Super-wide-angle lenses have been a reasonably common feature on high-end smartphones for a couple of years, but this is the first on an Apple iPhone. Is it any good?
The new ultra-wide camera appears on the Apple iPhone 11, the iPhone 11 Pro and the iPhone 11 Pro Max, and it's a large part of the appeal of of Apple's latest camera phones to photographers. This is the first of a series of 'feature reviews' that take a closer look at the new features showcased in the iPhone 11 series, and how effective they actually are.
It's one of the reasons the new iPhone 11 jumps straight to the top of our list of the best iphones for photography (even though some of the older, cheaper models remain quite compelling).
Huawei started including ultra-wide options from the Mate 20 Pro onwards, also including one in the Huawei P30 Pro, and the most recently Mate 30 Pro. Similarly, Samsung included an ultra-wide lens in its flagship Samsung S10. They're not just in the best camera phones, either, as we've even seen them appearing in mid-range options such as the Honor 20 Pro.
As a brand which is often a little more conservative with its specs – waiting until there’s a proven market for it – Apple has only just included its own versions in both the iPhone 11 and the more expensive iPhone 11 Pro.
With an equivalent focal length of 13mm, it’s a '0.5x' camera for the main '1x' (26mm equivalent) camera, giving you a new perspective to shoot from. With only two lenses available for the cheaper model, Apple has clearly decided that iPhone 11 users would rather have the ultra-wide lens than the telephoto option – which shows how popular these kinds of optics have become in recent years.
But is the iPhone 11 ultra-wide camera any good?
Ultra-wide vs telephoto cameras: which is most useful?
As someone who has used most of the flagship smartphones currently on the market, I’ve been waiting and hoping for Apple to bring an ultra-wide-angle lens to the iPhone. Everybody will be different, but personally I prefer it to a telephoto option since very often you can get closer to the subject, but you can’t really step back. An ultra-wide-angle lens is also not something which is easy to fake or reproduce digitally or with machine learning.
Having made a lot of use of the wide-angle options found on the Huawei P30 Pro and the Huawei Mate 20 Pro, I was hoping that Apple, being Apple, would implement its own, but do it even better.
After spending a few weeks with both the iPhone 11 and the iPhone 11 Pro, I’ve reached a few conclusions about the performance of the long-awaited wide-angle lens. While it’s not quite perfect, mainly due to usability, what I’m particularly impressed by is its quality, and – crucially – how closely it matches the other lens (or lenses on the iPhone 11 Pro) in terms of colour output and sharpness. Other smartphones with similar setups demonstrate varying colours between the different lenses, sometimes fairly wildly.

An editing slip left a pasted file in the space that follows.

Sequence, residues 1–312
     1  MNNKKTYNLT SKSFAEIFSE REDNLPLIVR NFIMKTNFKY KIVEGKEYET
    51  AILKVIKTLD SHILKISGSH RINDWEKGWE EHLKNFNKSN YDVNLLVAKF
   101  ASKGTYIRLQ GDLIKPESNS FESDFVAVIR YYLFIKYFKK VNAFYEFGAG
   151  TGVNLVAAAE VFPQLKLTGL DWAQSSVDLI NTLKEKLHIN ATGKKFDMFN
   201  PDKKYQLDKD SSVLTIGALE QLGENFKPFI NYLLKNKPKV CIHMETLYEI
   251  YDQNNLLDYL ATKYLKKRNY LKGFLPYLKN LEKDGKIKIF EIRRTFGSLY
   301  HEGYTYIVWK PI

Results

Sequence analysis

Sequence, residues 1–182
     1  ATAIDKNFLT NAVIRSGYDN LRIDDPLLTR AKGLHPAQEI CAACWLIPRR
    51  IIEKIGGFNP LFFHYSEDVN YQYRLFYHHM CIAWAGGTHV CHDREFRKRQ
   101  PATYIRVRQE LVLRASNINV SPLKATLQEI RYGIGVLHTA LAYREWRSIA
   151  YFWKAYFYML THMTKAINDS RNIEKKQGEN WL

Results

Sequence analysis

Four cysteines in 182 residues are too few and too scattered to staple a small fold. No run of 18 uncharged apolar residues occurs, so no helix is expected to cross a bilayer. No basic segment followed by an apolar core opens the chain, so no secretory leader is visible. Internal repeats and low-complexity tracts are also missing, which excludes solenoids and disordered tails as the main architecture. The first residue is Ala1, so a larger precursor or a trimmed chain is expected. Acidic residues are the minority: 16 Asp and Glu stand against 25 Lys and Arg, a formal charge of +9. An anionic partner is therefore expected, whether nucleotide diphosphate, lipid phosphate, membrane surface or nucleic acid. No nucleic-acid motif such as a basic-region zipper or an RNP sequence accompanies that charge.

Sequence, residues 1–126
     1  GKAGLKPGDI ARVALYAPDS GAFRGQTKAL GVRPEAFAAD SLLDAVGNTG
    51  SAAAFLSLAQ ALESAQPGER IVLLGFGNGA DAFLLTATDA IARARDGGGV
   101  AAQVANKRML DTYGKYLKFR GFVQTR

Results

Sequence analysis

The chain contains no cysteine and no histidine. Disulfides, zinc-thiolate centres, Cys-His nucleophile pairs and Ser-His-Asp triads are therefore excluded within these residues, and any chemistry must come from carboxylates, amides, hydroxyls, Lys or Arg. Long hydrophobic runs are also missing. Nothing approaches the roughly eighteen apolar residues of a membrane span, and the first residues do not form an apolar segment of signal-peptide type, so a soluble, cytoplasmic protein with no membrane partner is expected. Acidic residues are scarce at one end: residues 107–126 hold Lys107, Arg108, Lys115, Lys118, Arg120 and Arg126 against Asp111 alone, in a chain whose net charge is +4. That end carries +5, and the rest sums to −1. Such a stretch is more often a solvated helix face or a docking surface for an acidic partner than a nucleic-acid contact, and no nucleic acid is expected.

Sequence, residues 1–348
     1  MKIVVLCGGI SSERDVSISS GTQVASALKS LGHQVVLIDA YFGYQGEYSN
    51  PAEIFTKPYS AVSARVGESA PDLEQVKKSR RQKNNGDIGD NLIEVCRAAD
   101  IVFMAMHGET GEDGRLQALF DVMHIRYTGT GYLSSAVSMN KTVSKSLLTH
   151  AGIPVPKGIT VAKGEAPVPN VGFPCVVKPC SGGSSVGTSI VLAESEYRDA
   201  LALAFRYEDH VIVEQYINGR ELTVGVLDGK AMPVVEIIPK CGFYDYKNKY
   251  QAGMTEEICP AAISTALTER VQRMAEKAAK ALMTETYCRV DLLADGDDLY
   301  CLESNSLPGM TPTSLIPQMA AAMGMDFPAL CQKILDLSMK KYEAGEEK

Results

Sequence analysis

I would expect distortion from a lens as wide as this, particularly if you’re fairly close to the subject. Depending on the subject I’ve been shooting, distortion has sometimes been completely unnoticeable, while on other times, it’s been noticeably there, but it’s not been so hideous as to look ridiculous. Indeed, sometimes you can even play with the distortion for artistic effect.
On very close inspection on a computer screen, I can see that the corners of images taken with the ultra-wide lens are not as sharp as the corners of images taken with the standard lens. You’d be hard pushed to spot this softness on your phone screen, though, or if you’re sharing the images on social media. I’d suggest you probably wouldn’t even notice it too badly when printing out images up to around A4 size, either.
When to use the iPhone 11 ultra-wide-angle camera
If you’re a dedicated iPhone user, you might never have come across an ultra-wide-angle lens like this before. If that’s the case, you might not know which photographic situations are particularly well suited to it.
I’ve found it to be very useful for landscape and interior/architecture photography. Particularly with the latter, there is no scope to physically move backwards, so being able to get more of the scene in is a real bonus. You can also use it for a range of other subjects, including portraits to show the context of the sitter (but be careful about shooting a person close-up with a lens like this as you’re likely to introduce distortion), and pet photography, where the distortion might be part of the effect.
Disappointingly, the iPhone 11 and iPhone 11 Pro’s fantastic Night mode can’t be utilised when shooting with the ultra wide angle lens. That’s something that the Huawei P30 Pro offers, so it’s even more of a shame. There’s a chance that Apple will introduce this functionality with a software update, though - it’d be great to be able to shoot some high-quality ultra-wide nightscapes.
iPhone 11 ultra-wide lens: conclusion
All in all, equipping both the iPhone 11 and the iPhone 11 Pro with an ultra-wide-angle lens seems like a sensible and very appealing decision. It gives existing users a reason to upgrade, bringing them something new and interesting.
The best news is that the lens performs well, with a good level of sharpness, minimal loss of detail in the corners and good distortion control.